Jason Forde: ‘It seems to be now you nearly can’t even miss a free’

“I think more is made out of that than there needs to be,” says Jason Forde. Such is life with the Tipperary hurlers.

Jason Forde: ‘It seems to be now you nearly can’t even miss a free’

“I think more is made out of that than there needs to be,” says Jason Forde. Such is life with the Tipperary hurlers.

Seamus Callanan missed a few frees in the league, so Forde took over the job he’d handled last year, while Callanan was injured. And now the faithful aren’t sure who Tipp’s freetaker is, and Eoin Kelly is in to help out with the frees, in case they’ve all forgotten how to take them.

“It seems to be now you nearly can’t even miss a free,” says the Silvermines forward. “It’s nearly gone to be 95%-100%, that’s what you need to be hitting.

“And if you look at Callanan, obviously he was injured for most of last year and he only came back towards the championship and I had been hitting them so I continued on hitting them... But if you look previous to that, his record and scoring efficiency had been unreal.

“So I think more is made out of that than there needs to be. You hear whispers and things like that. But to be honest, it only goes over our head. You’re so focused on what you have to do. Whoever the management decide they want to entrust with that, they’ll be ready to do a job.

“Even outside of that we have a couple of really good strikers of a ball who could take them. Bubbles, and Brendan (Maher) hits them really well for Borris-Ileigh. There’s a number of lads who could take them and whoever they decide to go with we’ll be happy to roll with that.”

On the website for Nenagh’s MC Future Fitness, Matt Cooney lists his success stories with before and after pics: Lisa’s eight-week body makeover; the 18 pounds Noel shed; Sheena’s physical transformation. But he says nothing about making Forde a fixture in a Tipp jersey.

“I suppose it takes a while to get to know what suits your body best,” says Forde, accepting 2018 was his breakout year, after a couple when his arc plateaued.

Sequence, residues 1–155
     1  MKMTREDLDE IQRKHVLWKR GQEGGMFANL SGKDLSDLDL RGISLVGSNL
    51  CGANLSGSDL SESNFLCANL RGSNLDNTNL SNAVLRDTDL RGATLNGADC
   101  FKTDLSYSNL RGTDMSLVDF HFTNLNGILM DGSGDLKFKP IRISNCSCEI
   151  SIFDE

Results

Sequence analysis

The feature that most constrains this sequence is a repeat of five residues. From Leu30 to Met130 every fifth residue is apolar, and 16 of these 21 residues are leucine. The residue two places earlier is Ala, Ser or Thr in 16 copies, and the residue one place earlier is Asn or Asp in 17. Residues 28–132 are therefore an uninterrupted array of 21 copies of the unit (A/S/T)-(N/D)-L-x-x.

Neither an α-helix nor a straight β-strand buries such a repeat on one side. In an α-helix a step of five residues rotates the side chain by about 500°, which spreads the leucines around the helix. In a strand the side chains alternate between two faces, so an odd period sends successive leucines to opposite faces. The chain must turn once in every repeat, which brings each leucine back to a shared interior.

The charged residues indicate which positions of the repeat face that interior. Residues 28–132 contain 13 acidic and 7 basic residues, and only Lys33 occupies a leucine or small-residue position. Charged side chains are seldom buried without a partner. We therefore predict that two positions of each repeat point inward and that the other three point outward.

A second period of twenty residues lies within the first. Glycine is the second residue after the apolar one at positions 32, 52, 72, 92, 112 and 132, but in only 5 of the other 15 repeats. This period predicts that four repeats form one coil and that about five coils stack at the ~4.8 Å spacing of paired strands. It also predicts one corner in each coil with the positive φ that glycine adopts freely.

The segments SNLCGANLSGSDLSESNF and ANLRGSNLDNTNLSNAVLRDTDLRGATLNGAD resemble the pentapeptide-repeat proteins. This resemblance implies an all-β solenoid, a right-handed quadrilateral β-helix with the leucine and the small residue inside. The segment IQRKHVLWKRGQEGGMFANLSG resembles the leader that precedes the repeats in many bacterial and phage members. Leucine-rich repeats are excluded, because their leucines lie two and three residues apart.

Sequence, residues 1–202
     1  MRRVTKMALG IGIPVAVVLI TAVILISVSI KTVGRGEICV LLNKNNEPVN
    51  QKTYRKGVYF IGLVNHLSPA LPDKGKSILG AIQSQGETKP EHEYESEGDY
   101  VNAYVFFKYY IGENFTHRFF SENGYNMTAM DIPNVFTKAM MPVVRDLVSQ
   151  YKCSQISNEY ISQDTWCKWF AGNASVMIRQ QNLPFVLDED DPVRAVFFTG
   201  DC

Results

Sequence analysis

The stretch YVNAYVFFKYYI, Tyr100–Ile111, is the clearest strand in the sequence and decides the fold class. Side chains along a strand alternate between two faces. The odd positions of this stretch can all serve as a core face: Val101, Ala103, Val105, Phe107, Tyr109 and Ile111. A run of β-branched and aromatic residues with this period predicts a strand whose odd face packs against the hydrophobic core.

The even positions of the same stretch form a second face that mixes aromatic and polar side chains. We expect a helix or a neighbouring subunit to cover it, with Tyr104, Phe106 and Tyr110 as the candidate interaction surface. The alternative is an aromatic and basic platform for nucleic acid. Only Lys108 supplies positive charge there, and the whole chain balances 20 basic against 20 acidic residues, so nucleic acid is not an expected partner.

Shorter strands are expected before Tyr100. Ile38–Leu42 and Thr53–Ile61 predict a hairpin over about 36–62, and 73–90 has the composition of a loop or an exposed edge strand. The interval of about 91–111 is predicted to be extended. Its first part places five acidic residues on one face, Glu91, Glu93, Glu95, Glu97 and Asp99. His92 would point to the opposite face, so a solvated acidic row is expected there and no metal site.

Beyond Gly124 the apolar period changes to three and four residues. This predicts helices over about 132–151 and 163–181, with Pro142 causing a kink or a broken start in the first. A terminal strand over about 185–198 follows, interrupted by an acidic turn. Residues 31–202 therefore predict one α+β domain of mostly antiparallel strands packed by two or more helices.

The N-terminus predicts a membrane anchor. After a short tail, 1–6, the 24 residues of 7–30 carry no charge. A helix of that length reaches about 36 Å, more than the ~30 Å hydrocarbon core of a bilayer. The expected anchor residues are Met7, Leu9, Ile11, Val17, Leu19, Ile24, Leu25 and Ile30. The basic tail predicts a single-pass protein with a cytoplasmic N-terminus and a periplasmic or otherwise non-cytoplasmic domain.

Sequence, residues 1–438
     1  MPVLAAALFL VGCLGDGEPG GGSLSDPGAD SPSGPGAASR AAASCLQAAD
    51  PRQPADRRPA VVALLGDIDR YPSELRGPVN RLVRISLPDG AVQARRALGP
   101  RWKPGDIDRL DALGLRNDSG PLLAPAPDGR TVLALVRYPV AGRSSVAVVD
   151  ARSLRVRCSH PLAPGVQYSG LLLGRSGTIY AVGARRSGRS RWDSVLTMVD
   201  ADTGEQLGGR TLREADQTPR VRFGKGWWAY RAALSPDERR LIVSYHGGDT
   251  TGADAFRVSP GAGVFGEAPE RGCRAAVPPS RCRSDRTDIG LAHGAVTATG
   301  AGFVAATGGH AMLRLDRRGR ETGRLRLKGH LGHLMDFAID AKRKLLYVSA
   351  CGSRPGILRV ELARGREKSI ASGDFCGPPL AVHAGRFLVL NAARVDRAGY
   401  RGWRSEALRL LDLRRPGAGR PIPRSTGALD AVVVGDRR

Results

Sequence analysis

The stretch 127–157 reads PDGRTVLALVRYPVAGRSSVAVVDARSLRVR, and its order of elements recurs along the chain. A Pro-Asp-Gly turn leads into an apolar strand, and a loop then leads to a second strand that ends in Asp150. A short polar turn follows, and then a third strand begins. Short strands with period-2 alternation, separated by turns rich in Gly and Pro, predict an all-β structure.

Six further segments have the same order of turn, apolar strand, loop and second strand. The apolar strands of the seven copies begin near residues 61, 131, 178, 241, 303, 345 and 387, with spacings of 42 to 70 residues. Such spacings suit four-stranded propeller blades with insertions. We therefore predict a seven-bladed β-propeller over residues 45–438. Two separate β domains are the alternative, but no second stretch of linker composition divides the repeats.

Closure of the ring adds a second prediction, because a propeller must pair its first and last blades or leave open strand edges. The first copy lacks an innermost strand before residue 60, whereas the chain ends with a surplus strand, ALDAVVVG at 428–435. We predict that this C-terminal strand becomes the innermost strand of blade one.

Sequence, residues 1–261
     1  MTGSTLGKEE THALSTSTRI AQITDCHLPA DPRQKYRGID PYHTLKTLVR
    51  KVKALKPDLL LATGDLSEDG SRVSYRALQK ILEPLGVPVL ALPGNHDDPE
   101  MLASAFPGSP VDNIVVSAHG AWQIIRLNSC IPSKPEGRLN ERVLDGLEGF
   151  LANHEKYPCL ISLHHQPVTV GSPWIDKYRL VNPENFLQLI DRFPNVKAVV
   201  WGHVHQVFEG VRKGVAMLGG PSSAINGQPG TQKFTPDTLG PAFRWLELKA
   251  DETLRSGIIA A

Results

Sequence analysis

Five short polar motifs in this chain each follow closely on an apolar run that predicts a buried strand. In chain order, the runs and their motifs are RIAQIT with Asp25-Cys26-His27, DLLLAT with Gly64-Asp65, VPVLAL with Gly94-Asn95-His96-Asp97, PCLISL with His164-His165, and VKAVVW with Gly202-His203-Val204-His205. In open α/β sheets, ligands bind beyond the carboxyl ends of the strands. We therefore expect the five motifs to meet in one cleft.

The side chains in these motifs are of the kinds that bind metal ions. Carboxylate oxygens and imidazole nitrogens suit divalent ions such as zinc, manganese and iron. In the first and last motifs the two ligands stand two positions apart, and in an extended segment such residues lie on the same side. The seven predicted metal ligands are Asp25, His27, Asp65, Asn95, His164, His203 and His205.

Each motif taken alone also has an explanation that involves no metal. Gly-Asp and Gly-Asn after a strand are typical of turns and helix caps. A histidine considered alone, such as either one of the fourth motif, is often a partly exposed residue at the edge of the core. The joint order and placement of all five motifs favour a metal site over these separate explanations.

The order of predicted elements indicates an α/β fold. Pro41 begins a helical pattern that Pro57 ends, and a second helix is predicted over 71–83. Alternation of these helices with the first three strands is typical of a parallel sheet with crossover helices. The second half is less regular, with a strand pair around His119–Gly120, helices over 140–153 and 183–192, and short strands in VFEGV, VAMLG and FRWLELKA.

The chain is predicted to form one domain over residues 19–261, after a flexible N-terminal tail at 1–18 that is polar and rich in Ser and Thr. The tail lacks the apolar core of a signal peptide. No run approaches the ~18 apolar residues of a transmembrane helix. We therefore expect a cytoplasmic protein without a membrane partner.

“Last year I decided I had to do something different if I wanted different results. I just worked with a lad from home in Nenagh, a personal trainer, for a few months and came back in better shape than I ever had. I was able to maintain that then throughout the year. So again, once we finished up in September, October with the club, I went back with this lad again. It seemed to work last year so I said try and do the same again.

“Last year I got a good run at it between Fitzgibbon and then I think I played nearly every game in the league and the same in the championship. I was lucky I didn’t pick up any injuries and stayed healthy throughout that. That just kind of builds.

Once you get a run of games and get a bit of confidence and get going, things started to flow. From a personal point of view it was probably my best year playing with Tipp. But at the end of the day, what real good is it when you don’t progress in the championship?

With lack of progress came change and one narrative around Tipp sees Liam Sheedy returning to pull off one last job with the old gang, while another sees a hungry group of U21 All-Ireland winners straining at the leash.

But on the

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“You need a good solid core in the middle. The middle crop, the Dan McCormacks, the Cathal Barretts, the John O’Dwyers, the Jasons and these guys, who are really really good players.”

“I suppose I’m in that middle cohort now of players,” says Forde, finished college and begun working life teaching in Nenagh College.

“We’ve a big mix now within the panel. Guys who have come through minor and U21s; that middle cohort then, the likes of myself and Ronan Maher and lads like that; and then your older players, like Paudie and Brendan Maher. We have a good mixture there at the minute so it kind of bodes well.”

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